Now, I have several semesters of graduate level counseling under my belt, but I am not a licensed counselor. I’ve done a lot of volunteer work and received a lot of training for working as a peer counselor for non-profit agencies. And I am a counselor at heart. It’s just part of how God wired me. But I don’t want any to believe I’m professing to be a “clinical expert” of anything here.

So why share the story?

People all around us every single day are hurting. Everyone is carrying something that feels like weight, but resembles something like stress, depression or other weighty emotions. Anti-Depressant and sedative medications are at an all time high. I have no idea if this woman was dealing with any of this.

But here’s what I know...

There’s not a human on the planet that doesn’t want to be reminded that they aren’t in this thing alone. God will always go with us.

God is always strength for us.

Here’s my experience—I think it’s a safe gamble to share that nobody wants to break down emotionally in public. Nobody. I’m sure this woman was uncomfortable. Here are a few steps I took in proceeding next.

Active Listening and Intuitiveness

1) Because I was standing right next to her at the sink it became my job to be comfort for her. Not as a Counselor, but as a Christian guided by the Great Counselor. It did not matter to me nor did I wonder how she would respond. I’d make that adjustment after. My job was to love her.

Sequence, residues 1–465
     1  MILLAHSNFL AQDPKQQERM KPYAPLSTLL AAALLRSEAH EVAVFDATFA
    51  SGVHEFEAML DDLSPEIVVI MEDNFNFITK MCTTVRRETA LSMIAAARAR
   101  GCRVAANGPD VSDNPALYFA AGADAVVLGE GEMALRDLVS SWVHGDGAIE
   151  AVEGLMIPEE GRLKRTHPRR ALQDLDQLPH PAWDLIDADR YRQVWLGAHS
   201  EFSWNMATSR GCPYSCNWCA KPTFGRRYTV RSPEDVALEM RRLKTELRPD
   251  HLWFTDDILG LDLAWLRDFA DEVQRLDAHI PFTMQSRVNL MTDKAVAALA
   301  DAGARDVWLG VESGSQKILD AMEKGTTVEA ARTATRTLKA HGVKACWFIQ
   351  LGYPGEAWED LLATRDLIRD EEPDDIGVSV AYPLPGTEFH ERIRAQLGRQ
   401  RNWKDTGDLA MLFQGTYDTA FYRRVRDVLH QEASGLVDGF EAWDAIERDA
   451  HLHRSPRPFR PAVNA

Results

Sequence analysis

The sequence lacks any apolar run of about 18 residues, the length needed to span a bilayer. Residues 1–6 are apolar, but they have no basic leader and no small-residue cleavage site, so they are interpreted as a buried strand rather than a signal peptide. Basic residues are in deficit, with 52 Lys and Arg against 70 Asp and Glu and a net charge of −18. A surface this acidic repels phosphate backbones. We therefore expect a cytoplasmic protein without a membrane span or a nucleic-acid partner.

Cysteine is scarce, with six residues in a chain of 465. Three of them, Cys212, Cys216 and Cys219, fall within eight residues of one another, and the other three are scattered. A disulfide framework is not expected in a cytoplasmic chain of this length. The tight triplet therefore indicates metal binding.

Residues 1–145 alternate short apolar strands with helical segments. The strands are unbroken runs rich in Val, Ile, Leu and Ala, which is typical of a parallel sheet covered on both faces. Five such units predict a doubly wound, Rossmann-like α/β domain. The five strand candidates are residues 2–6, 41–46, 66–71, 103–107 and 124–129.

2) It then also became my job to protect her from probing questions and unnecessary embarrassment. Because love also protects.

3) It then became my job to ask how I could help, specifically prayer.

4) At this point I left her alone to gather herself. She seemed a bit calmer as I left. People need room to process thoughts and feelings. Many words are not always required. Silence or a long pause is sometimes a quality antidote.

{How to navigate the uncomfortable}

Love must be willing to become uncomfortable for the added comfort of another.

I think often times people don’t know what to do in uncomfortable situations so they do nothing...say nothing...offer nothing. Often times even though their heart feels compassion, their own personal uncomfortableness interferes with what maybe God was trying to do by placing you near in the first place.

Today we celebrate the day Jesus ascended his face in all it’s radiant light. The tomb was empty and our Savior was not dead! All hope that was counted as lost, proved once and for all the Power of Love and the Cross.

Jesus died to answer your every prayer. Go ahead—nail it there. Crimson red he bled to give you some keys that open many things. Love, Walk and Live in Victory.

You don’t have to go this thing alone. I promise.

On a higher note—on our way out the front door we invited one of the personal trainers who does not attend church to join us at ours. Even if he doesn’t come the elation on his face when he confirmed we were inviting him to church was priceless.

Because everyone loves to be invited.


"May the God of hope fill you with all joy and peace as you trust in him, so that you may overflow with hope by the power of the Holy Spirit." Romans' 15:13